Case #4 Diagnoses: Complex Odontoma
Figure 8. Panoramic Image of a Complex Odontoma.
Figure 9. Periapical and Occlusal Images of an Odontoma.
Demographics: Can be seen more commonly in children and young adults.
Odontomas are the most common benign odontogenic tumor (Figures 8 and 9). Abnormal proliferation of cells of the enamel organ, they give rise from the odontogenic epithelium and mesenchyme that produce enamel and dentin. There are two types of odontomas: compound and complex. A compound tumor represents multiple toothlike structures, where a complex odontoma has irregularly shaped masses of enamel (amorphous) showing no anatomic resemblance to a tooth. The tumor consists of multiple hard tissues, e.g., enamel, dentin, and cementum. If miniature teeth can be recognized in the lesion, it is called compound odontoma. If not then it’s called a complex odontoma, like this case. The complex odontoma is the most common odontogenic tumor in relation to tooth eruption. Compound odontomas occur in the canine and incisor region, found more often in the maxilla than mandible, and occur in children on average 14.8 years of age. Complex odontoma tumors occur in the posterior jaws in children 20.3 years of age on average. In one research study, 48% of cases involving unerupted teeth were diagnosed as odontomas, where 28% of unerupted teeth were dentigerous cysts.1-4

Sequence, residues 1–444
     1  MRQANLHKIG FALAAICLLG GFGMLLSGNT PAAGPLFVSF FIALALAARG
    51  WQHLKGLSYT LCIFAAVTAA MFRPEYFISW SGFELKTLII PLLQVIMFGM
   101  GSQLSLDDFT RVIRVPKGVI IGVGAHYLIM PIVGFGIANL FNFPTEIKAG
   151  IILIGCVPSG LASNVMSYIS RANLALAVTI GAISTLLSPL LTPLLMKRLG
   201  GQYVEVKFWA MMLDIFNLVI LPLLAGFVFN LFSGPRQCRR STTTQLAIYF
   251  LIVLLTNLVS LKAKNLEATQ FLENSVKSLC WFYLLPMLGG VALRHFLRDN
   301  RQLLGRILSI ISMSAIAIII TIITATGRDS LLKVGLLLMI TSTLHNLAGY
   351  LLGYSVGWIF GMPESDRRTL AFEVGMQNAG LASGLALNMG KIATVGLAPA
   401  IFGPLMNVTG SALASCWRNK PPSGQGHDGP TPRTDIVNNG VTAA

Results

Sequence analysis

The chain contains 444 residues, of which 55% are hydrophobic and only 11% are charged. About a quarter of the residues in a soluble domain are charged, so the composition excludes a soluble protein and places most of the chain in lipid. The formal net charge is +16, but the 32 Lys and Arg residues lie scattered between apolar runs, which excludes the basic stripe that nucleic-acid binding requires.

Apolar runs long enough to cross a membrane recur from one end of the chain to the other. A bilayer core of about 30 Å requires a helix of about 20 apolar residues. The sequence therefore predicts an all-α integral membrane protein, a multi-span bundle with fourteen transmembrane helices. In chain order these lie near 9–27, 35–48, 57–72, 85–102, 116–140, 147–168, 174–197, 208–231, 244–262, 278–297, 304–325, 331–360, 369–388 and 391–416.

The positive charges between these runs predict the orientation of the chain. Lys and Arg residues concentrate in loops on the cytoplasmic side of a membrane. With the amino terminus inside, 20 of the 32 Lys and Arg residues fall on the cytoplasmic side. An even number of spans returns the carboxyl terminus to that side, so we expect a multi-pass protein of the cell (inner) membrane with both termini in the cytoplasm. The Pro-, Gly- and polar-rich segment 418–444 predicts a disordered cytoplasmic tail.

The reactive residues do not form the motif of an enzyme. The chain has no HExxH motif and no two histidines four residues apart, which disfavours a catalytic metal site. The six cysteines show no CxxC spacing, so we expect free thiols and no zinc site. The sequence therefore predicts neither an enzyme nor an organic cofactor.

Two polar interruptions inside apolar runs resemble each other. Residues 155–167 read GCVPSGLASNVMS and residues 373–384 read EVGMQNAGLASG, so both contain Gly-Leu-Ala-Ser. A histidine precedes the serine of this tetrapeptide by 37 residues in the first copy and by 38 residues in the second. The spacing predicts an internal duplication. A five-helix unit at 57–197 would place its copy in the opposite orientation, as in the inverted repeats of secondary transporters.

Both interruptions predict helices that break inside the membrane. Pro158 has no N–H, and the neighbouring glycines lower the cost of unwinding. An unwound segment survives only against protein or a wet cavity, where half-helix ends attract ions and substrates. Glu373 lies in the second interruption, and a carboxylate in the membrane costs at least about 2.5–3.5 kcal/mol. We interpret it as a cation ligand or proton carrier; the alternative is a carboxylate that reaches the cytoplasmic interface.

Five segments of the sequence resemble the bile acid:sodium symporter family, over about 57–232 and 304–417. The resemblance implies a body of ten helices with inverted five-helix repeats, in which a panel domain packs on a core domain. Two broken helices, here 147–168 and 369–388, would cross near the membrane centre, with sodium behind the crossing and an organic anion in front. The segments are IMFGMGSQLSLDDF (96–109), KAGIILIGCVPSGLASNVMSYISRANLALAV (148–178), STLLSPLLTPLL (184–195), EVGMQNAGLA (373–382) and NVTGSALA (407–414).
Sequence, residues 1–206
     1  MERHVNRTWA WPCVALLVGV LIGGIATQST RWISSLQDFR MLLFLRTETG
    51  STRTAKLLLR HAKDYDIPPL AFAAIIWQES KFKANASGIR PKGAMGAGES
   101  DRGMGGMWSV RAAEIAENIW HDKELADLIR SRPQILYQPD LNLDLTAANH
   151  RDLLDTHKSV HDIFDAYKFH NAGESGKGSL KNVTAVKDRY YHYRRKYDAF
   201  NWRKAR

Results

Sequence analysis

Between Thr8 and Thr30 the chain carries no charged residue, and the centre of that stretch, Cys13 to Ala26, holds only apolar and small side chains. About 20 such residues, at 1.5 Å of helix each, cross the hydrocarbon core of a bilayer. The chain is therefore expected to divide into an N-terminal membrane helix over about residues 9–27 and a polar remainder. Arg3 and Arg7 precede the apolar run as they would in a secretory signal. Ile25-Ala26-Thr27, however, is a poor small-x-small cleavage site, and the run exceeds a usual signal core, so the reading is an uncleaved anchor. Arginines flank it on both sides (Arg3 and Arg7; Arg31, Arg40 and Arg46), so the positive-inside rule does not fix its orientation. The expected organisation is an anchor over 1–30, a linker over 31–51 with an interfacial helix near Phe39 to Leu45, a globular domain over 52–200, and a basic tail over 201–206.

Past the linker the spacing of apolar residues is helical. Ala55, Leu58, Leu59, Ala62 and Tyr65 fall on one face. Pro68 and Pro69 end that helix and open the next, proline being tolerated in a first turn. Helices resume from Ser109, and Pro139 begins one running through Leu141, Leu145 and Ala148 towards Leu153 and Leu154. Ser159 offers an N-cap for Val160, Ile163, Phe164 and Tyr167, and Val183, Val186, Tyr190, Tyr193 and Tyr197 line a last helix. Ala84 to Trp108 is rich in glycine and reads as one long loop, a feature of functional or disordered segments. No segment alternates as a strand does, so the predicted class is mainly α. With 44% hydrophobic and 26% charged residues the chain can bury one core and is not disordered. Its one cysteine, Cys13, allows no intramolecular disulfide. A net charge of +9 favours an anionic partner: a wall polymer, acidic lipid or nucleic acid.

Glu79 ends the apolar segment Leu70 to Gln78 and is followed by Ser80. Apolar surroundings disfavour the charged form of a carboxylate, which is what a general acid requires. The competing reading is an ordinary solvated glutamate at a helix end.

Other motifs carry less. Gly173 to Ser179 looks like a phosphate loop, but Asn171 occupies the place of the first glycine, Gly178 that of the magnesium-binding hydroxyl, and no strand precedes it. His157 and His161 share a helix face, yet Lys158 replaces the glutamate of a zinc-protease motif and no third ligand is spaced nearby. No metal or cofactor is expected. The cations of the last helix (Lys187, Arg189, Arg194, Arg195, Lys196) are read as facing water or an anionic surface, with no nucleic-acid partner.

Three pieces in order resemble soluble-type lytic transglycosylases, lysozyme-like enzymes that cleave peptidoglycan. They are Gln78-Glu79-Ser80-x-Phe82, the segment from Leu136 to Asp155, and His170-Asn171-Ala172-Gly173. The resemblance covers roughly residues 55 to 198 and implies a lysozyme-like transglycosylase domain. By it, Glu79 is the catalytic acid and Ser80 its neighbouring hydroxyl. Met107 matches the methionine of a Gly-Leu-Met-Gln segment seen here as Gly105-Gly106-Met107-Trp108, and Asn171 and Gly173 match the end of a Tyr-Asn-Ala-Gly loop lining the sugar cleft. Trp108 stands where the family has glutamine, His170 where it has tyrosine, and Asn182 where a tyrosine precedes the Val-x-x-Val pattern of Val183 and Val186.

Clinical Notes: Usually asymptomatic and slow-growing. Found during a radiographic examination when a tooth has not erupted and possible retention of deciduous teeth. An encapsulated tumor, it rarely destroys alveolar bone or resorbs adjacent tooth roots. The dental team should inquire about the concurrent presence of dysphagia or a family history of dysphagia.3
Differential Diagnoses: An odontoma associated with a dentigerous cyst is rare. Another rare diagnosis is the amelobastic odontoma, e.g., odontoameleoblastoma. Although similar in age range and clinical location to the odontoma, the neoplastic tumor has a clinically aggressive growth.3-4
Treatment: Except for rare, large, complex lesions like this case, odontomas do not require treatment unless they block tooth eruption. If surgical removal, enucleation of the surrounding epithelial tissue including mucoperiosteal flap to expose the tumor, curettage, and if needed overlying bone is removed via highspeed handpiece. The tumor should be submitted for histopathologic evaluation. Large lesions would require adding bone to fill the defect. Postoperative clinical and radiographic observation should continue.1-4,10